GOLDEN, Colo. -- As tides of water made its way down canyon roads and into the plains, it was CDOT’s Traffic Operation Center that kept drivers, law enforcement and others alerted to impassable roads.
The command room, located in Golden, looks like any other office. It has ten desks with five computer monitors and a phone on each desk, but it’s the large TV monitors mounted to the wall. Its nearly 400 traffic cameras can be put into the monitors to see what is going on in real time.
“Some are live feed and some are still cameras,” said Rod Mean, the center’s operation manager.
The night heavy rains started to hit west of Denver, Mead’s team went to work. “We had a lot of data coming in very, very quickly,” he said.
Normally there is a staff of two or three at any given time to monitor traffic flow on the state’s numerous highways, but when the situation became serious Mead called in for backups.
“We had 12 people in here at the peak of the storm,” said Mead.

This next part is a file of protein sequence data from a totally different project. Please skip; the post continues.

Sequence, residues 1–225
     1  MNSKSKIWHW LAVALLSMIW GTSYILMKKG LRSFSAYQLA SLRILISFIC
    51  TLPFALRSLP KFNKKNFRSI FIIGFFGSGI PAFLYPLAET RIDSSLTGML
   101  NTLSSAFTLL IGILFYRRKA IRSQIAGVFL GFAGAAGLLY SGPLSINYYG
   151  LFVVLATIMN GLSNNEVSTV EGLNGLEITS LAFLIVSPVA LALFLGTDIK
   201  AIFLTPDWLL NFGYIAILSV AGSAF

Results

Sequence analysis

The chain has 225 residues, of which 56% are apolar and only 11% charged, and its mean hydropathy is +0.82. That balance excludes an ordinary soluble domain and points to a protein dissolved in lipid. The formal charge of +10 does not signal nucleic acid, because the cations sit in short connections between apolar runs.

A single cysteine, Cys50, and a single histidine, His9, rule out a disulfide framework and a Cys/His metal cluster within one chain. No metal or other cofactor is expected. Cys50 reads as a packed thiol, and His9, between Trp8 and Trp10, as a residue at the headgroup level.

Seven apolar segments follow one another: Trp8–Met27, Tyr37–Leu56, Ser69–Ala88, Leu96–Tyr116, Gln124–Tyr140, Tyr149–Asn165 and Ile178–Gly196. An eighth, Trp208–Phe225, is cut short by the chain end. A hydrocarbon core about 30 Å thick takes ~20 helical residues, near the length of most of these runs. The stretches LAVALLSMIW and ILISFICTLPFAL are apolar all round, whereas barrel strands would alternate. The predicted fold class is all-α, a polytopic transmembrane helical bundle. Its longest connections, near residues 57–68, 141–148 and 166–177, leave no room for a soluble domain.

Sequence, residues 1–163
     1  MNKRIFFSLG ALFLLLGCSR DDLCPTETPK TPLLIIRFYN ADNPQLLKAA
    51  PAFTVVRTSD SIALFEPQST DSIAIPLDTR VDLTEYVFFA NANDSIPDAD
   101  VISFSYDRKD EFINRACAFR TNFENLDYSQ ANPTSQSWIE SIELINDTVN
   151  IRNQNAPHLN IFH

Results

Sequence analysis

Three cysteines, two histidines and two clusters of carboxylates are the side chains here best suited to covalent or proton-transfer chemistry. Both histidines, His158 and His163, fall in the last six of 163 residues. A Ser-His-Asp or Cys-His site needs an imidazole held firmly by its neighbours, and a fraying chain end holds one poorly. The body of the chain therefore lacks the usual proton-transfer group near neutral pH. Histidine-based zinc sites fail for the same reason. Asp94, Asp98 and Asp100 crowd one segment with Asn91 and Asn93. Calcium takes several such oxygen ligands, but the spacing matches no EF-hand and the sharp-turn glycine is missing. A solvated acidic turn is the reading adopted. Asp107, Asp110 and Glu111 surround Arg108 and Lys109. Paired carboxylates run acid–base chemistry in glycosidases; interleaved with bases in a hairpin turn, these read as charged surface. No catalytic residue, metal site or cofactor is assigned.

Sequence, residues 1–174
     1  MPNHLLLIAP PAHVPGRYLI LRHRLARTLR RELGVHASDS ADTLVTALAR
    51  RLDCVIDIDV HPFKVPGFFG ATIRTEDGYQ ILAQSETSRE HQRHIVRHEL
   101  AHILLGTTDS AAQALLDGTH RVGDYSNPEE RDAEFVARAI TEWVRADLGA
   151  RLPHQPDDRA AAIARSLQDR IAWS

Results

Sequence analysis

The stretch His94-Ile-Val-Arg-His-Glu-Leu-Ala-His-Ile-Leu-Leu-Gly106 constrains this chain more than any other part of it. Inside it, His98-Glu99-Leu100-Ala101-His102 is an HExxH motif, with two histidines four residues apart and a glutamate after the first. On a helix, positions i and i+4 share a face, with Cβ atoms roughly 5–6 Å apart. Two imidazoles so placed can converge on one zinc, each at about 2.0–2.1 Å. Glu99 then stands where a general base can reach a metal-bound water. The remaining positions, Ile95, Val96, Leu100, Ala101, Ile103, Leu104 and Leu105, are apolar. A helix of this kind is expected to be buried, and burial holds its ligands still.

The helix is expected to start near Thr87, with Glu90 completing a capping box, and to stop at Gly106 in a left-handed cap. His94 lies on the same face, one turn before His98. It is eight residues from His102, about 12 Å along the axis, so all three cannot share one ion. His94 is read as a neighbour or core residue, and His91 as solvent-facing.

The center doesn’t only rely on information from the monitors. CDOT crews in the field and law enforcement help deliver data. The information is then sent to drivers, either online, through electronic signs over the highway and the media.
“I am not going to say it wasn't a challenge. Everything happened really quickly and we had a lot of different things happen, boom, boom, boom. One after the other,” Mead told FOX31 Denver.
He said unlike blizzards that hit the eastern plains, this storm was widespread.
The state estimates 200 miles of roads were damaged and at least 50 bridges will need repairs.AlertMe